Theory is not my God

“What are they keeping in there…”
Definitions should, by definition, describe what something is as opposed to what something isn’t. But whereas some ideas become beautiful creatures; others morph into monsters. A little perspective on just how “big” an idea is might help tame the beast.

Note: This is gonna be one of those posts that likely pisses off some of my fellow academics. C’est la vie.

I was facilitating a workshop when the title of this post fell out of my mouth, a half-thought joke made in response to a question about the compatibility of various psychological theories with religious or spiritual beliefs. I stumbled out a phrase that captured more than I realized. Like most simple things, it summarized a complex debate by putting forth a basic premise that shot straight to the heart of the problem.

Here’s the thing: on two fronts I had confronted the “theory debate.” To be field-specific for a moment: the world of psychology, counseling, and mental health likes to argue endlessly about which theory is the best. To add another layer, each theory camp likes to argue about the best way to practice said theory. While there are some valid points regarding the areas in which any particular theory is adept or blind, the fight for alpha-dog in the theory world is largely academic, and often profit-driven. In other words, I want my theory to be king, because then I’ll get all the goodies that go with being king. 

It’s a cynical view, but not inaccurate. If you’re thinking that my faith in academia is lacking, you’re spot on.

Don’t get me wrong – I revel in the world of ideas. It was one of the reasons I became a professor; I get to think about stuff and get paid to do it. It’s the ultimate geek-out: playing with ideas, stretching them, seeing how far they can go until they break. And they will break, they always do, and then you get to pick up what is left and see what else can be made. Or toss out the whole lot, start over with what you’ve learned and develop something more efficient, elegant, unexpected. It is a creative process that pushes the creator as much as the creation, and it’s crack for someone like me.

So arguing about theories is not in and of itself a pointless endeavor. Argument can reveal the limitations, address problems, expand the undeveloped territories. Challenges to theory also remind us that no theory is ever truly “complete;” the quest for the theory of everything is, in my opinion, a noble pursuit. But it’s also like charting the universe; if we ever manage to map the entire thing, will we just run out of space?

The other part of the theory equation that can’t be overlooked though, is the the human element. People are very good at coming up with good ideas; we are also very good at having not so good motivations. I won’t lay claim as to whether or not “evil” exists, or to the innate “goodness” of people. But is it fair to say we are flawed, limited, often short-sighted beings who will act in our own self-interest? Yup. Even the best of us will slip, fall down the slope and gobble up the fat-ridden, gut busting, heart stopping yet utterly scrumptious forbidden jelly donut.

How does one then remove ego from the creation of ideas? Not easily. Thus we do get into some remarkably tedious arguments about which theoretical approach is supreme, or rather debates that veil the real purpose which is to determine who is supreme. Who gets to rule the profession, who gets to own all the business, who gets to make all the decisions. Somewhere along the way, the idea got tangled in with the value of the person making it. I become only as good as my theory will last, and if it doesn’t last then I no longer exist.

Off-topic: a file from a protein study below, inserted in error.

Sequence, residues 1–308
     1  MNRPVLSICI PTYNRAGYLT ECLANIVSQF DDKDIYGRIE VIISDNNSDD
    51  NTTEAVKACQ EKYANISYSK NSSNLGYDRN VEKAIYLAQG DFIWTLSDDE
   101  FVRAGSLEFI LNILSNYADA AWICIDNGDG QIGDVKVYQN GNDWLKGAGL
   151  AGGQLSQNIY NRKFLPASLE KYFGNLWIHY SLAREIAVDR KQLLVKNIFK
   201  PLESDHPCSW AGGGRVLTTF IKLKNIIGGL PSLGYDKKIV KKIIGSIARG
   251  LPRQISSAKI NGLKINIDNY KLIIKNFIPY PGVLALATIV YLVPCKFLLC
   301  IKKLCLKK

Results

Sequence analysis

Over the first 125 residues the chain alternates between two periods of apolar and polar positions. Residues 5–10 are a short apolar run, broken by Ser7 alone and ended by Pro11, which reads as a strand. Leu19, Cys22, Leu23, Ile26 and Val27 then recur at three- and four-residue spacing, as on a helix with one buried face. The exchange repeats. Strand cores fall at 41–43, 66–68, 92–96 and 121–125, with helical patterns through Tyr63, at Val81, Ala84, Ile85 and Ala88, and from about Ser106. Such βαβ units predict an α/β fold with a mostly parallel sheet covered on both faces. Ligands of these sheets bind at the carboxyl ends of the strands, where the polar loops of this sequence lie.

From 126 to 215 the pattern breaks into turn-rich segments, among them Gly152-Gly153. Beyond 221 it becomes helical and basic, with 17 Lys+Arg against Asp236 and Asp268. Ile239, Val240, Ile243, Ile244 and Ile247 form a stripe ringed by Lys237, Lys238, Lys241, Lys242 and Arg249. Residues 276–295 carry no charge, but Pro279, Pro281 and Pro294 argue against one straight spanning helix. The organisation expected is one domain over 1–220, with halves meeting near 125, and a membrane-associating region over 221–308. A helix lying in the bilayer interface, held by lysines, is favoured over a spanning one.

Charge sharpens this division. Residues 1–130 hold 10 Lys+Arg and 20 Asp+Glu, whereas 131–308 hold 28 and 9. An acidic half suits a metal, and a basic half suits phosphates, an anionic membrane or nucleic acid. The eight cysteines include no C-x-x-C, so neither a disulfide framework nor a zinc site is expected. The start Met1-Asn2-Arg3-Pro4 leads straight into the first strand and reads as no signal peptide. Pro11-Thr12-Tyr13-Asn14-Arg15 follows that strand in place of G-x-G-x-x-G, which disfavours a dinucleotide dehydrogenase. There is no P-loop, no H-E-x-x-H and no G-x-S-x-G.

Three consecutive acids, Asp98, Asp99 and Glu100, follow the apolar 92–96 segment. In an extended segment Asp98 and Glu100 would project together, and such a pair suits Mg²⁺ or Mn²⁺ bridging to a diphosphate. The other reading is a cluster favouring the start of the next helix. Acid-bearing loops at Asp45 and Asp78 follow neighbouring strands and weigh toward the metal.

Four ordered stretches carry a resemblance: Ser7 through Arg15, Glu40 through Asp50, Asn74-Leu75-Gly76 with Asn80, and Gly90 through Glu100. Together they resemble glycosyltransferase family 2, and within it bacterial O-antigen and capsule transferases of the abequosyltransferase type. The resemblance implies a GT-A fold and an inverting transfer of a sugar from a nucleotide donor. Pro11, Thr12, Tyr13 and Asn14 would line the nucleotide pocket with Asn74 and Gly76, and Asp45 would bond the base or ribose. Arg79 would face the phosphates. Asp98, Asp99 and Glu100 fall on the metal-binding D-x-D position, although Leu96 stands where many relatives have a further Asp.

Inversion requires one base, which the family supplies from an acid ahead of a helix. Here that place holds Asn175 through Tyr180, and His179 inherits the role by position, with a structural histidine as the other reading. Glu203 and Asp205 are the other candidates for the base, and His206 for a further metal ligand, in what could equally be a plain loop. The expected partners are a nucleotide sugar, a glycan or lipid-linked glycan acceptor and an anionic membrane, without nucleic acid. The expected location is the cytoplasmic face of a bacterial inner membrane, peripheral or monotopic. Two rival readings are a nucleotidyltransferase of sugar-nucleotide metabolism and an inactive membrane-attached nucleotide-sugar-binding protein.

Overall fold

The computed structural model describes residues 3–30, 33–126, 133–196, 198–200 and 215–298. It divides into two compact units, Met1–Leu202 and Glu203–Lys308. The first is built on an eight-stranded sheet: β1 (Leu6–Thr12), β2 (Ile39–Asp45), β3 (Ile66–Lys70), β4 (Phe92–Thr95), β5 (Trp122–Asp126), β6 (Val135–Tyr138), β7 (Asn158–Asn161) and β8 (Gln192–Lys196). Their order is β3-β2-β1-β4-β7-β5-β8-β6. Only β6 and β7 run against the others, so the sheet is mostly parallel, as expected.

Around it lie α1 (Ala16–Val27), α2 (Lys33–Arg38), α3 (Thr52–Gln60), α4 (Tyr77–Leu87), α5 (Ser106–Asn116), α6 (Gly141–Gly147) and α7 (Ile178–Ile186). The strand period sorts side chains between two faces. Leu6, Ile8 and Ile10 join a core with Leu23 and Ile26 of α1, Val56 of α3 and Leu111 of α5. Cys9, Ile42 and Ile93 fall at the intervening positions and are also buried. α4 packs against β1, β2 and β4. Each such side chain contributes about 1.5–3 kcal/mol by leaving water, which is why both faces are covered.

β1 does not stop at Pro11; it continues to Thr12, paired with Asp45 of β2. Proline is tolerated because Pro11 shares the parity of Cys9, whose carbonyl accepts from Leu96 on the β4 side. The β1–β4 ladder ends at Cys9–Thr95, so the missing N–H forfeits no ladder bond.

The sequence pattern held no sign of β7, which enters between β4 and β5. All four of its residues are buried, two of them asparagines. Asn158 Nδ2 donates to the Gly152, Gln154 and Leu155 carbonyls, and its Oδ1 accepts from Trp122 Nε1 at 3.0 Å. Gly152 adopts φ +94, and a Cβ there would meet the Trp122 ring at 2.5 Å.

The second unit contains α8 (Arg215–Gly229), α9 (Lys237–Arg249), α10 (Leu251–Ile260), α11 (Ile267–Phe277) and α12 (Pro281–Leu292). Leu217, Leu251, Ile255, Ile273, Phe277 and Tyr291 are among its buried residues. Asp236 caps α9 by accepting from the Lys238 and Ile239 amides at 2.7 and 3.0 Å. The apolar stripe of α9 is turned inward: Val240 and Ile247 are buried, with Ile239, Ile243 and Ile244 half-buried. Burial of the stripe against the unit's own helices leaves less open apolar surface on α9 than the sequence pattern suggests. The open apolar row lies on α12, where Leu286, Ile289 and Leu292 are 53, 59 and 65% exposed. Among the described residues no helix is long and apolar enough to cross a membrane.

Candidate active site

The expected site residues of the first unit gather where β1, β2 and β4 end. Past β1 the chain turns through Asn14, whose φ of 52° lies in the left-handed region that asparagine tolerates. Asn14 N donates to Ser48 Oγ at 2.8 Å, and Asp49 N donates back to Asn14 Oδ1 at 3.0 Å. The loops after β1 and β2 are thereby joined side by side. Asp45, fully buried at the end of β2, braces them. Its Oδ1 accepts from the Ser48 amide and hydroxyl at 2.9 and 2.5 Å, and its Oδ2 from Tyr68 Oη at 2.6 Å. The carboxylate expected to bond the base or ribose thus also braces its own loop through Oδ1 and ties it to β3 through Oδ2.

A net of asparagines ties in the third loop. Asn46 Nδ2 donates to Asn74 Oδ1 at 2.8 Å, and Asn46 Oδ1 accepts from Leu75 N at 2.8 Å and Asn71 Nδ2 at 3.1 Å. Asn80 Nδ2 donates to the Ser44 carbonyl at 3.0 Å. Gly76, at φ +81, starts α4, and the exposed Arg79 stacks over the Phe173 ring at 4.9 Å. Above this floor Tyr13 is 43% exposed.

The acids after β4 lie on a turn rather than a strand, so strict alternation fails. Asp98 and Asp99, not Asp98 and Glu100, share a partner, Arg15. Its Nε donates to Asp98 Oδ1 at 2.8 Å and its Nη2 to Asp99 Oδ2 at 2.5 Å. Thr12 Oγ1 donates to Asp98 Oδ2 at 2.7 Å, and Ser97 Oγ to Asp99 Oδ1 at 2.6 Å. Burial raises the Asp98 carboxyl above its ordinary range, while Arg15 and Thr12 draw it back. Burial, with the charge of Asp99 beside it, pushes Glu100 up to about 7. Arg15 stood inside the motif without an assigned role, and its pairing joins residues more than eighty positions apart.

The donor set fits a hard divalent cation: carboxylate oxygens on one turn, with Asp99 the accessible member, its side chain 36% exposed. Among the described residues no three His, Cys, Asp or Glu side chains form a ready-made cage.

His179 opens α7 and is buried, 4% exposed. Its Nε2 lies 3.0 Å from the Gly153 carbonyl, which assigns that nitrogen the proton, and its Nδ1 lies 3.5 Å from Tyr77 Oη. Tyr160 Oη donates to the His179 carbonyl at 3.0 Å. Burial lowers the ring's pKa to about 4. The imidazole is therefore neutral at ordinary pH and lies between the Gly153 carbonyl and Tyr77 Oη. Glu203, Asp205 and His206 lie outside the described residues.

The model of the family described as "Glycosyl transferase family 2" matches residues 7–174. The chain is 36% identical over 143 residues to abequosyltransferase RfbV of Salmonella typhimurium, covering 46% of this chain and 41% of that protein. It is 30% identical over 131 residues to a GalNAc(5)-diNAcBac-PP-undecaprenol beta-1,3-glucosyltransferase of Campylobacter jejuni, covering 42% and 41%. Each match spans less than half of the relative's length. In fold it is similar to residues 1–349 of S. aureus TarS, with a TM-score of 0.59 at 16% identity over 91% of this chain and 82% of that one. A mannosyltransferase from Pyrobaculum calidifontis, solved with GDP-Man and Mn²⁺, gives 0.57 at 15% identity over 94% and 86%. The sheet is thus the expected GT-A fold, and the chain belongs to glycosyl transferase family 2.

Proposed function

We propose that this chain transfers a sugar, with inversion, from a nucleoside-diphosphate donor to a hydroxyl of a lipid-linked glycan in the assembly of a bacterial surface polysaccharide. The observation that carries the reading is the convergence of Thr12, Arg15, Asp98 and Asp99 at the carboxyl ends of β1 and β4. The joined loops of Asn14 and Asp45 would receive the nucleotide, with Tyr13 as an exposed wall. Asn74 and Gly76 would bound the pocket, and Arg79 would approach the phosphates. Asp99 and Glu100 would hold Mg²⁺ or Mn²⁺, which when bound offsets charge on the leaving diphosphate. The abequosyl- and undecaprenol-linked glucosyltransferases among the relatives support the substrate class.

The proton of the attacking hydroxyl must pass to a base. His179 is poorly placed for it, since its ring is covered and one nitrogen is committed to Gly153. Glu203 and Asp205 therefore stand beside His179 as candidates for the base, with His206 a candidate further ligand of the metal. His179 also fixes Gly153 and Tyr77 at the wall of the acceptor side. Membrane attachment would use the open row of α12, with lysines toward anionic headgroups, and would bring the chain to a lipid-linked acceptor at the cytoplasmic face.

Following theory becomes a religious expression in such circumstances. We begin to worship our theorist’s icons and practice based on blind faith. We admonish those who don’t “do what we do.” We cast out those who don’t fit the increasingly narrow-definition of who belongs. The tithes demanded grow larger, eventually taking more than what we have, and in the end we are left waiting at the steps, begging for our bishops to deem us worthy of their scraps.

That presents a pretty bleak view of religion, I realize. But it is not a criticism of what religion could be any more than it is a criticism of what theory could be. Rather it is a charge against what we are turning theory (and perhaps religion?) into – an oppressive mechanism that serves and elevates a few while forgetting its ultimate obligation and purpose to the many. A theoretician who always has the correct answer, who holds a student as simply a replicator of what has been done, has fallen into the trap of self-perpetuation. And like all mechanisms that become too specialized, it will die out. Differentiation is necessary to evolution.

While I don’t think I’m qualified to assert what or who God is, I can make a statement about the nature of theory. Theory is an idea. Theory is a concept. Sometimes it works, sometimes it doesn’t. When it no longer stands the test of time and context, it is time to write a new one. Everyone contributes to theory; those who made significant developments to formation of theory did remarkable things. But they did not do it alone, and they are not saints. 

Theory is not my God.

Religious Histories…

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I was never baptized. This was largely due to an oversight by my parents; basically, they forgot to do it. Now before the Freudians leap into writing dissertations about what this implies about my upbringing and its connection to my infinite personality flaws, my parents’ ignoring of my eternal soul was likely one of the better things they did. My course was set early on towards figuring out this thing called religion.

Even though my childhood lacked expected rituals, I was not without the presence of religion. My mother is Catholic, even though she doesn’t quite know what that means. She was baptized and given communion when she was growing up in Taiwan. Since the mass was given in Latin at the time, she had no idea what was going on and just went with it. Of course since my mother was raised in a very traditional Chinese home, she didn’t really need extra lessons in shame to begin with, so Catholicism in another language likely felt pretty familiar to her. This is probably why there has always been a Catholic influence in my life, but no one really understands it.

My father was supposed to be either Pentecostal or Baptist. He was dunked in a bathtub and ran after that which is why the choice was never really made. Religion terrified him, death terrified him, and women terrified him, which explains a great many things. When I was little, he announced he would never go to church again, and that was the one promise he delivered on. He also later divorced my mom so he could date as many women as he could find and adopted an attitude of “do whatever feels good.” Unless of course you were one of his children, and then the rule was, “if it feels good, NEVER EVER do it, see it, or think it again.”